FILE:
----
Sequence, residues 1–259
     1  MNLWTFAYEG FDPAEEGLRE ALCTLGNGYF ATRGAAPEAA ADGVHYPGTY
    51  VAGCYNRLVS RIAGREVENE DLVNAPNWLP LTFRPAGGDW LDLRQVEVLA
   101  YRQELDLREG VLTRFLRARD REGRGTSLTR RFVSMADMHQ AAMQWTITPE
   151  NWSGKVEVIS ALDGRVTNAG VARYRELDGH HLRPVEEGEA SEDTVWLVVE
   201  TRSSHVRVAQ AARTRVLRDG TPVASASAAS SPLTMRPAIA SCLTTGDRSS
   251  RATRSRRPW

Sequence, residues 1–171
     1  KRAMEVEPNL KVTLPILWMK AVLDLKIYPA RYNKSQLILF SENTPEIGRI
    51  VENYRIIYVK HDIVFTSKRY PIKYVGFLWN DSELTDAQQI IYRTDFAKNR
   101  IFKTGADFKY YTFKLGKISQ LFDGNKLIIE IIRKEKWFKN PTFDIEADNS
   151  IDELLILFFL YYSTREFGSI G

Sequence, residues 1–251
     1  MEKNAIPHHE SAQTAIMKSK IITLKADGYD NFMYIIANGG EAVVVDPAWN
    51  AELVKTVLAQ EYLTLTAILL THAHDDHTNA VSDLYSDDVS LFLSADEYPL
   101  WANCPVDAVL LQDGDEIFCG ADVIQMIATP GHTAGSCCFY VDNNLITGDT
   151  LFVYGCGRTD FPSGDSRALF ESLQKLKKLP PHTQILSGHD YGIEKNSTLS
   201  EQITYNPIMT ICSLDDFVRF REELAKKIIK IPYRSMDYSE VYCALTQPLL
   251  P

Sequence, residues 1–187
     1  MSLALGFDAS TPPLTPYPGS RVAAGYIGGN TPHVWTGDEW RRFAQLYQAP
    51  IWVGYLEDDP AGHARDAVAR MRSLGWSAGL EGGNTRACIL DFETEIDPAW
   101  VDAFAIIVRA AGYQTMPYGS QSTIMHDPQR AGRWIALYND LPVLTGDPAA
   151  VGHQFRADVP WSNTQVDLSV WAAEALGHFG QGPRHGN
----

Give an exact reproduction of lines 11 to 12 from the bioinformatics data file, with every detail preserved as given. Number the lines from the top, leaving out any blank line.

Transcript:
   101  IFKTGADFKY YTFKLGKISQ LFDGNKLIIE IIRKEKWFKN PTFDIEADNS
   151  IDELLILFFL YYSTREFGSI G